It is often recommended that reading and writing should be taught together. And whilst studies have shown that reading instruction alone can raise writing attainment (Graham et al, 2017), and instruction specific to the teaching of writing can consequently raise reading progress (Graham & Hebert, 2011), no real studies have been done on integrated programmes or schemes.
Do happy writers make better writers? Lucy Starbuck Braidley talks to two primary educators who believe so, and sees what leaders can learn from their findings…
If you’re looking to refresh, optimise or even radically change the approach to writing pedagogy within your school, the Writing For Pleasure movement can give you an interesting new perspective to consider.
The overall approach aims for children to make progress in their writing, alongside developing a genuine love and sense of satisfaction from the activity of writing itself – thus setting them up to be lifelong writers, as well as learners.
It’s an evidence-based pedagogy that places the child as an autonomous writer at the centre of decision-making about their writing. It enables children to write independently through explicit teaching of authorial skills, and its leading proponents say it’s getting results.
Research clearly states that teaching children the writing process in an explicit way is the best way to improve their writing outcomes. So how is this done? As we have discussed briefly here, Frank Smith describes the two roles involved in writing as being: the author and the secretary.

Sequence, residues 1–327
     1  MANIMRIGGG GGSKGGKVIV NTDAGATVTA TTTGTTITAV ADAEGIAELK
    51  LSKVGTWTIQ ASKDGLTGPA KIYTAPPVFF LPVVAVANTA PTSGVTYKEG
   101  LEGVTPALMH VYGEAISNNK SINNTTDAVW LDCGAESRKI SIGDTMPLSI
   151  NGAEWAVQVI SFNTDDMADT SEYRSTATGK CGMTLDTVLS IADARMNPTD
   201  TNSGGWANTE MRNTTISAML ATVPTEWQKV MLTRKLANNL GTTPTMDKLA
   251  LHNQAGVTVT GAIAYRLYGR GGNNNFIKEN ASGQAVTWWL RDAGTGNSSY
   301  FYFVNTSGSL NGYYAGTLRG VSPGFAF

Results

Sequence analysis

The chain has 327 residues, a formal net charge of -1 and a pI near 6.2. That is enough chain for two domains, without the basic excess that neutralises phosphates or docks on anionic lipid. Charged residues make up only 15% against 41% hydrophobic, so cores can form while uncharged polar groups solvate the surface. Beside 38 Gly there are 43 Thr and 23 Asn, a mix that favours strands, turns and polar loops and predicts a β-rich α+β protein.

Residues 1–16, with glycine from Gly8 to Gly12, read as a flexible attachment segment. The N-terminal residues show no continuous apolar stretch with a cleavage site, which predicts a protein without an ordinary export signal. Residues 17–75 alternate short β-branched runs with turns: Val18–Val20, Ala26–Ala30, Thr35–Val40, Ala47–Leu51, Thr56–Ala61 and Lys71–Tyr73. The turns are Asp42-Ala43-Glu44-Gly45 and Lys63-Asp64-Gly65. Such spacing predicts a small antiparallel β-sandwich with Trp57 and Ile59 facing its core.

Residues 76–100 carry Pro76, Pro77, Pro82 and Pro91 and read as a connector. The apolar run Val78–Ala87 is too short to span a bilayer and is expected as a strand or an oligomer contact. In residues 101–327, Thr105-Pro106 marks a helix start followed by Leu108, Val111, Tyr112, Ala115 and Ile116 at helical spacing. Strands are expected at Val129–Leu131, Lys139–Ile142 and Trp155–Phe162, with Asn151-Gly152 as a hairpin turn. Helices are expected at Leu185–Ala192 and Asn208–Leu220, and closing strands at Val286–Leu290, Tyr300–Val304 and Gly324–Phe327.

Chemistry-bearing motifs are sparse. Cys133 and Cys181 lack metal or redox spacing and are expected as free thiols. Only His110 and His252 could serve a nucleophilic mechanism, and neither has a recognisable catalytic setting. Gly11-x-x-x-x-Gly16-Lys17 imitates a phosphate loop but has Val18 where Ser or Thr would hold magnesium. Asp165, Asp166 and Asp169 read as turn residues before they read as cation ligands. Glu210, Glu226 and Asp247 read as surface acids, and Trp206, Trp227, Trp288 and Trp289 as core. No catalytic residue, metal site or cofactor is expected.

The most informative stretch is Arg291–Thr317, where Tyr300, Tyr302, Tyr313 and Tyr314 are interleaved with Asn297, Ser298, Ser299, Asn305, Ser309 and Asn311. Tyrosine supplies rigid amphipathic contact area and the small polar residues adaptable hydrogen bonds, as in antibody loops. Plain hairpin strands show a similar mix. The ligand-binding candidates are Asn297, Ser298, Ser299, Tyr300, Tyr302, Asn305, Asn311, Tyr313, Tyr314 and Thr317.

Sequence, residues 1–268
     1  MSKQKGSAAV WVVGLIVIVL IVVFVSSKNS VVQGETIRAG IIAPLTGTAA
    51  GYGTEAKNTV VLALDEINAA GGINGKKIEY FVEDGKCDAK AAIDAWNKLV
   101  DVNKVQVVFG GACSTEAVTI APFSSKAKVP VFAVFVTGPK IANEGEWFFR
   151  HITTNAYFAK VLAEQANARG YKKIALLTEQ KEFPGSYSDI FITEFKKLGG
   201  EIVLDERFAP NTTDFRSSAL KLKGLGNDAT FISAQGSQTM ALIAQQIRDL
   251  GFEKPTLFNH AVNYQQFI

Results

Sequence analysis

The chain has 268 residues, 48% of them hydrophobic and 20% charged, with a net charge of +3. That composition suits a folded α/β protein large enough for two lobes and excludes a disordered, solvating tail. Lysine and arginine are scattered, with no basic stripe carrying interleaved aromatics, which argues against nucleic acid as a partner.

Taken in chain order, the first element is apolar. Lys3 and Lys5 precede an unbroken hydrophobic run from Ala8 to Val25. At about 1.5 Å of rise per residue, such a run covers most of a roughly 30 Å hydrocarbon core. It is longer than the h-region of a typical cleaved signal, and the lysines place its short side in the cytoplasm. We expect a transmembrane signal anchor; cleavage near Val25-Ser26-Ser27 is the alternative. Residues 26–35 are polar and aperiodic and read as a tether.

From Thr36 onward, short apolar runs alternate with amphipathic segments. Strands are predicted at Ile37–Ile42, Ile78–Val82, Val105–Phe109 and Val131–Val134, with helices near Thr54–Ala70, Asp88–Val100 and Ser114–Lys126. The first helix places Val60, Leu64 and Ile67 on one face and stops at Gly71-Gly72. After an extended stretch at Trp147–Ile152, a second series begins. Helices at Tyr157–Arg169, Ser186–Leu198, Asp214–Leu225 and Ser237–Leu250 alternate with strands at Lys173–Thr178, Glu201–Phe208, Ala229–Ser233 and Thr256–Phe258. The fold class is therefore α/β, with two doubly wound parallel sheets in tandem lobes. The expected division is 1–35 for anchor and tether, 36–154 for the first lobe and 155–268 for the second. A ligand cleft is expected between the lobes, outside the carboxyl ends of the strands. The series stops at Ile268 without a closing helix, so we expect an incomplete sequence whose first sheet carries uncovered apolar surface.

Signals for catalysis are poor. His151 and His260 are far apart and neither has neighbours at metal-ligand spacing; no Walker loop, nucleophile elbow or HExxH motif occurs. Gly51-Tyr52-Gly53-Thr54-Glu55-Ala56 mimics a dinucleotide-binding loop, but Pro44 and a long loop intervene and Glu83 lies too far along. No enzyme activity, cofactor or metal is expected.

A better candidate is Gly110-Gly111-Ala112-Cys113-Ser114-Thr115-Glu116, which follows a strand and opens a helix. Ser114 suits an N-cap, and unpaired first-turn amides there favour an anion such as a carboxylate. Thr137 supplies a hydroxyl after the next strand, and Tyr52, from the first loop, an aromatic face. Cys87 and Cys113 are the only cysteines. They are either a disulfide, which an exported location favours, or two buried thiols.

When children are in author mode they are concerned with generating ideas, organising thoughts, and arranging selected words and sentences appropriately and effectively.
When in the secretary mode, the child is more concerned with the transcription of the writing (e.g. using correct spelling, capitalisation, handwriting and punctuation).
We can’t give children rich lives, but we can give them the lens to appreciate the richness that is already there – Lucy Calkins (1991)
As teachers, our job is to help children claim more control over their own lives. One of the ways people most lack control over their own lives is through lacking control over words. Especially written words. – Peter Elbow (1998)
Within a vast educational literature there is a substantial number of treatises that deal with the failure of the primary school to make connections with the lives of working-class children. –Carolyn Steedman (1982)
Think about it. Is there any lower expectation than thinking children will have nothing to write about?Continue reading “They Won’t Have Anything To Write About: The Dangers Of Believing Pupils Are ‘Culturally Deprived’.”